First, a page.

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Monday, May 15, 2017

Two Staples Grads Talk Race and Policing

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Jeff Pegues shows off his Staples Wall of Fame plaque last September. (CLICK TO ENLARGE) WestportNow.com photo

Jeff Pegues, now CBS News Justice and Homeland Security Department correspondent, grew up in Westport, belonging to one of a handful of black families in town at the time.

“From elementary school through high school, I always felt comfortable in Westport,” he writes in his new book, “Black and Blue: Inside the Divide Between the Police and Black America.” [Prometheus Books, $24]

There were some incidents in which he felt “the sting of racism,” but they were rare, he says. “Westport welcomed me; and my friends there remain a big part of my life to this day.”

At Staples High School, the Class of 1988 graduate met and became friends with a fellow player on the football team who emigrated from Greece at age 9, speaking not a word of English.

Although two years younger, Fotios Koskinas and the black kid hit it off.

“I always remember him with a smile on his face — except when he was drive-blocking an opponent down the field,” says Pegues, who also was a standout on the track and field relay team.

They met again in the fall of 2016 at the same football field when Pegues was inducted in the Staples High School Wall of Fame. (Pegues had gone on to be a starting wide receiver at Miami University.)

“It was like old times,” Psgues says.

They chatted. Pegues was completing the manuscript for his book, and he decided to devote a chapter in it to his old friend, now Westport’s police chief.

The result is a remarkable and insightful look into policing in Westport. And how Koskinas, 45, is working hard to make sure issues of racism and tolerance are priority-training topics for his officers.

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“Black & Blue:” One chapter is devoted to Westport’s police chief. (CLICK TO ENLARGE) Contributed photo

Some highlights:

—Koskinas says people are using the “race card because cops are at a point where they don’t want to get in the middle of this … We’ve created an environment where cops will back off to avoid the racial issues.” In Westport, some officers tell Koskinas when they are running radar and see a car speeding with a black driver, “they’ll wait for the next car … It’s not a matter of picking on people. They just don’t want to deal with it.”

—Following murders of police officers n Dallas and St. Louis, Koskinas used the asset forfeiture fund to buy “the latest and greatest ballistic shields for the guys. Vests that will stop rifle rounds and stuff like that, to give the guys the reinforcement that I care, the community cares, the town cares, and we’re going to give you the best equipment.”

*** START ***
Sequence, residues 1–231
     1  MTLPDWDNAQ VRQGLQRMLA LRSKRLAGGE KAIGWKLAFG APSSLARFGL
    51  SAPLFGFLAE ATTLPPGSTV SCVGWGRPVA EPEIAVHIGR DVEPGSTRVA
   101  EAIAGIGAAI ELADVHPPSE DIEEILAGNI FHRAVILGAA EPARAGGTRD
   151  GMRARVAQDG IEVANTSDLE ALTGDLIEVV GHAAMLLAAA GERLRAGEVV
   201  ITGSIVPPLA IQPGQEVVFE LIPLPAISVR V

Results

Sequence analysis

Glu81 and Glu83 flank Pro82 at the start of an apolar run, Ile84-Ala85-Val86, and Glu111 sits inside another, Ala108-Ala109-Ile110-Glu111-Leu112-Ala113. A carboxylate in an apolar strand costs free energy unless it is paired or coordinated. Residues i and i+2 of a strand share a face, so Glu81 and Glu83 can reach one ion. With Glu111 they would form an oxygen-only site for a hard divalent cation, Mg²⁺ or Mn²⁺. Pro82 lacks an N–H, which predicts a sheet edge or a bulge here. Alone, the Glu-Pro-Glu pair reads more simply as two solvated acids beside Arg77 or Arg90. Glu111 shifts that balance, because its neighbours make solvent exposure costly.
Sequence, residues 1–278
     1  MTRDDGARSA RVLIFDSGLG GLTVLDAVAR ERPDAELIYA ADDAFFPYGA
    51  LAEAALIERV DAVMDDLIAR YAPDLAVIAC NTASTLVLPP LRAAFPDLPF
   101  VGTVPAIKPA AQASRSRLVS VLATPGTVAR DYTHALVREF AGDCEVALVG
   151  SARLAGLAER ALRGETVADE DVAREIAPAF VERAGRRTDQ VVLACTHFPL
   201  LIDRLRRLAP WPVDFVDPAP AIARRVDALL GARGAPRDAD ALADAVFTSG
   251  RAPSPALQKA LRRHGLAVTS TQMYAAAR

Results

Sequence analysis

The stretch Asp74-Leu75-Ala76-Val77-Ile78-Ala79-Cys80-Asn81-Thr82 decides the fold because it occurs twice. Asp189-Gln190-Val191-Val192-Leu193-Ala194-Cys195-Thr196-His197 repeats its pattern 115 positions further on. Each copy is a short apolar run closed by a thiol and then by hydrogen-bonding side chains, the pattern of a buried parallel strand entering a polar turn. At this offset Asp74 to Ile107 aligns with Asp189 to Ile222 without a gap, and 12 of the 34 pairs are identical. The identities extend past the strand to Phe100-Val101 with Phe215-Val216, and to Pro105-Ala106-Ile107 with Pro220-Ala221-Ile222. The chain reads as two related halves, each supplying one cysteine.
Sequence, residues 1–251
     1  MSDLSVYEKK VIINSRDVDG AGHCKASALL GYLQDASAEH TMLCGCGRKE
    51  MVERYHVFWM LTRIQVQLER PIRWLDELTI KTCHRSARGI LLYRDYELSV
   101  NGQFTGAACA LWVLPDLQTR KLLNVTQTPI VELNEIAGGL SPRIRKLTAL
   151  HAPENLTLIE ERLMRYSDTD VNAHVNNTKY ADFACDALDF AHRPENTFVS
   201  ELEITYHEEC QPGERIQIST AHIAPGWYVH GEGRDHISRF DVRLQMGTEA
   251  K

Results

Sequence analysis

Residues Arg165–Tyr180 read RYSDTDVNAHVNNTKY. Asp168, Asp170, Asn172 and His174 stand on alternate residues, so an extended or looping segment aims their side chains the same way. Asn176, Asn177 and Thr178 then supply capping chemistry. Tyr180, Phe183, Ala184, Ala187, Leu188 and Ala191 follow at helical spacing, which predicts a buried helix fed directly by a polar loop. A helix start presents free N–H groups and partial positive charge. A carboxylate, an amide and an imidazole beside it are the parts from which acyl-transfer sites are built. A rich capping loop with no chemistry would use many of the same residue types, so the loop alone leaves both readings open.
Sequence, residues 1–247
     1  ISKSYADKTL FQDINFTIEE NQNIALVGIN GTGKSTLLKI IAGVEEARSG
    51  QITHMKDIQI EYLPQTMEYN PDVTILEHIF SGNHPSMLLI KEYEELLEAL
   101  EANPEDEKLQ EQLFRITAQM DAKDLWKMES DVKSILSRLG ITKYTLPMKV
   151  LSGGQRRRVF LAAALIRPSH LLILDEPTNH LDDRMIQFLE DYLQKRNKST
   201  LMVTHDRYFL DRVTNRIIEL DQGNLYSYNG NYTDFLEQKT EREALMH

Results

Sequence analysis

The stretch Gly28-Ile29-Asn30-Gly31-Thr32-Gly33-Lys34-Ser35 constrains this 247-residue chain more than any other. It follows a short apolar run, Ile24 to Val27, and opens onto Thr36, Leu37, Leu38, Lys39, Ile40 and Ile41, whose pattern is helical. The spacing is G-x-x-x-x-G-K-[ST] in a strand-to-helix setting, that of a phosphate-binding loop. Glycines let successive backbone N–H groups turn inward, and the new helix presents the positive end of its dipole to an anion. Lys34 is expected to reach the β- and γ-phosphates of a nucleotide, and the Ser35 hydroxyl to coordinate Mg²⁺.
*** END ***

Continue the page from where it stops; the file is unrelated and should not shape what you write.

—New computer-based firearms training for Westport officers makes for more realistic situations than firing at a paper target. “This is just one more thing — where we’re able to make this as real as possible and find our strengths and weaknesses in a time of stress,” Koskinas says.

—Most Westport officers now have body cameras. This often has resulted in a 180-degree turn by people who made complaints against officers. Koskinas says they watch a video of their incident and see it’s not exactly how they recalled it. They end up walking away because they see what actually happened, Koskinas says, adding it happens “time and time again.”

—Koskinas learned firsthand the anxiety and stress that can be caused by a police officer pulling over someone. “I got pulled over a few days ago … my brake light was out,” Koskinas says. 

He says his department car is unmarked and the officer had no way of knowing he was a fellow police officer. “I live in Fairfield — my heart was beating like a thousand times a minute, feeling like I did something wrong, I’ve now been a cop for twenty years. I’m a police chief! I saw the light behind me, and my heart is racing. So I get it! I absolutely get it!”

In the book’s afterword, Pegues mentions Koskinas, Staples High School, Staples Football, Staples Track and Field, and longtime Staples track coach Laddie Lawrence.

Pegues will appear at the Westport Library for a talk about his book on Thursday, June 8 from 7 p.m. to 8 p.m. and Koskinas will join him for a discussion.

This program is in special memory of Westport illustrator Tracy Sugarman, civil rights and social justice activist.

The Westport Library is hosting the event in partnership with TEAM Westport and the Westport Police Department. The discussion will be held in the McManus Room.


Posted 05/15/17 at 12:30 AM  Permalink


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